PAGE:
Having difficulty allowing and dealing with our feelings is a common problem that can contribute to our tendency to self-sabotage by making unhealthy choices in all areas of our life. The anxiety created by resisting feelings and allowing them to get stuck, rather than relaxing into them so that they may flow through us and naturally pass, can cause us to crave distraction and comfort in things that do not serve us. Ultimately, those poor choices only contribute to our unpleasant feelings, creating a vicious cycle of continuously feeling bad and endlessly seeking relief. And of course, a tendency to get stuck in bad feeling has nothing but negative impact on our relationships, our ability to work most effectively, and our capacity to feel joyful and at peace.
It is much more effective to handle our feelings more consciously and deliberately as they arise. While it may take a little time out of your day to work through a process like this is as the need comes up, it is considerably less time than you will spend:
1) Reacting, UNconsciously, in potentially destructive ways
2) Recovering from your actions and getting yourself back on track
There is a better way.
If this has been a problem area for you, try working with this process, and then develop the habit or routine of taking these steps as the need arises:
First, we must be able to recognize each feeling as it comes up. In that initial flush of feeling uncomfortable and anxious, rather than reaching for something to eat, turning on the TV, or picking a fight with your partner/child/co-worker, bring your attention, or mindfulness, to the moment, look at the feeling and identify it. Most unpleasant feelings can be categorized as 1) fear, 2) sadness, or 3) anger, but whatever you want to call your feeling is fine.
Next, we want to accept the feeling, as opposed to reject it or label it as bad. Rather than trying to deny it or suppress it as you push through to your next task, take some time to acknowledge and greet the emotion that has arisen by saying something like, “Hello, sadness. I see that you are with me today.” Remembering that you are so much more than your sadness, welcome it in as a guest that has a message for you. At first this may feel awkward, but doing this regularly will strengthen your ability to be mindful and make it much easier to handle these episodes over time.
The third step is to calm the feeling. Just becoming fully aware of it will provide some immediate relief. In his book, Peace is Every Step: The Path of Mindfulness in Everyday Life, Thich Nhat Hanh recommends using our breath as we process emotions. Running through this kind of script in your mind as you breathe in and out can be very effective: “Breathing in, I know that sadness is here.” “Breathing out, I know that sadness is just one part of me.” “Breathing in, I acknowledge that sadness does not feel good.” “Breathing out, I know that sadness is just a feeling that will pass.” “Breathing in, I feel calm.” “Breathing out, I know that I am strong enough to deal with this sadness and know I always will be.” You might try holding your hand over your heart during some or all of this process as an additional way to show concern and care for yourself and to connect more deeply with your spirit.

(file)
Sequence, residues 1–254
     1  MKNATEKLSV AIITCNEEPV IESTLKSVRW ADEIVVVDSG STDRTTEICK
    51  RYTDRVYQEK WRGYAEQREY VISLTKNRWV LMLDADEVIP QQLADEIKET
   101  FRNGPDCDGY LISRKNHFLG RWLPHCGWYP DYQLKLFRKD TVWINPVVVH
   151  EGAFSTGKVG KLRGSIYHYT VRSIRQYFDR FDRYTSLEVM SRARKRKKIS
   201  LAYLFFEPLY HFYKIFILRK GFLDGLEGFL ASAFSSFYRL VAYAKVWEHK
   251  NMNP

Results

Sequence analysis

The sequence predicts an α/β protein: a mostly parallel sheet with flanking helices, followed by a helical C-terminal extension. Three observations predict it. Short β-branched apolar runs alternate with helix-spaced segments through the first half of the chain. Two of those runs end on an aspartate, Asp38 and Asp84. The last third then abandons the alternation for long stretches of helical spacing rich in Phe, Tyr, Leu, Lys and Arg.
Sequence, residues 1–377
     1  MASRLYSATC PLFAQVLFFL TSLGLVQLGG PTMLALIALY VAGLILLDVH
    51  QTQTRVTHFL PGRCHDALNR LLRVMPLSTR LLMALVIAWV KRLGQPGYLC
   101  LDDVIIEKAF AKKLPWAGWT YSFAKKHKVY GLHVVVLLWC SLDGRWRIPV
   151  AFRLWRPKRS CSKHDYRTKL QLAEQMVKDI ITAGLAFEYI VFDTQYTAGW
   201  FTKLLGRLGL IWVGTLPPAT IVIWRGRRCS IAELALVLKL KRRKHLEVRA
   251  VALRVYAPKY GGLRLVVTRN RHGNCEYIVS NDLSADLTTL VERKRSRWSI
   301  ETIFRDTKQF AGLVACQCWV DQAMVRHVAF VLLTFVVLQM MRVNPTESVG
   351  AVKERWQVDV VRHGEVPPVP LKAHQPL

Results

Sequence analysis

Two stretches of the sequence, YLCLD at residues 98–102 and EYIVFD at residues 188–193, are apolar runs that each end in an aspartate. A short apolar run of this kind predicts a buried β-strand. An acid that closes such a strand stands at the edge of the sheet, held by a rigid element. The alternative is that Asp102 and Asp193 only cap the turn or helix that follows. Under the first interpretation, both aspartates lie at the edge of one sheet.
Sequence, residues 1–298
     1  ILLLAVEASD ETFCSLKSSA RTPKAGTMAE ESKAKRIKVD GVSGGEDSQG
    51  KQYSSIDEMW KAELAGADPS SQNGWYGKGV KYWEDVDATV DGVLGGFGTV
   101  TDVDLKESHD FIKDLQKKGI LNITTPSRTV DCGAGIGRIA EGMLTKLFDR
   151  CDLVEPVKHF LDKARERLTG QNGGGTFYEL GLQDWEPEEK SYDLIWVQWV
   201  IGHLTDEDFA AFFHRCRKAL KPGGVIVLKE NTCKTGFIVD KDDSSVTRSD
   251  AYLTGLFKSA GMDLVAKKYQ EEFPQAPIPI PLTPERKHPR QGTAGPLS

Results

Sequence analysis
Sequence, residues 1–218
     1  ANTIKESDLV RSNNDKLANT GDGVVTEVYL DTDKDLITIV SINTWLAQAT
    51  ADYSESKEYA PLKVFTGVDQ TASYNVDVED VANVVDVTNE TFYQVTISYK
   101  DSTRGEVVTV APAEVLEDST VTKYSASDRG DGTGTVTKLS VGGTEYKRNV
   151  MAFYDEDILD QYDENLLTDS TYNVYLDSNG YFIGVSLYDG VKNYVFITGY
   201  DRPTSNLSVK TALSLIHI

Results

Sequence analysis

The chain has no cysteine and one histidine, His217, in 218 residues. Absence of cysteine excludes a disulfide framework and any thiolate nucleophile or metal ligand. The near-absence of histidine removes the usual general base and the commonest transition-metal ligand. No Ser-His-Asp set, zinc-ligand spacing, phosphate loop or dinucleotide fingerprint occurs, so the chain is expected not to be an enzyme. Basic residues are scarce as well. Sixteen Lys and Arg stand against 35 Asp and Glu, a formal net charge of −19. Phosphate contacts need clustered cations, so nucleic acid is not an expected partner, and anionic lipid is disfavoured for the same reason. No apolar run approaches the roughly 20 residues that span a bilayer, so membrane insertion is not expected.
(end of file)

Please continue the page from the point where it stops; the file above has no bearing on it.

Now you want to completely let the feeling go, which the breathing process will help you do. Knowing that you can calm and comfort yourself, even in the midst of being sad, helps you see that your sadness does not have to overwhelm you. It can move through you and over you like a big wave, and allowing yourself to just float up and ride that wave as it passes is much more effective than trying to swim into it in a pointless struggle to conquer it.
The final step, once you have calmed down, is to look at the feeling and examine where it came from. Sometimes it will be very clear and there will be a direct connection between occurrence/circumstance and feeling, but often you will realize that multiple factors led you to have the feeling. Perhaps there are things you can address in your environment to improve your situation. Possibly there are issues related to how you are looking at the situation or beliefs you hold that are causing you to suffer. Sometimes it can help to speak with a counselor or trusted friend who can help you uncover your underlying perceptions and work to develop an outlook and understanding that serves you much better.
When you repeatedly have the experience of taking care of your emotion in this way, with compassion and love for the feeling and for yourself, much like a parent would do for a child, the natural ebb and flow of emotions we all experience becomes much easier to handle and will not derail you so easily. This approach can actually turn a challenging ordeal into a productive and growth-promoting experience by releasing the energy you need to make improvements to your circumstances, rather than leave you feeling stuck and possibly acting out in some destructive way later on.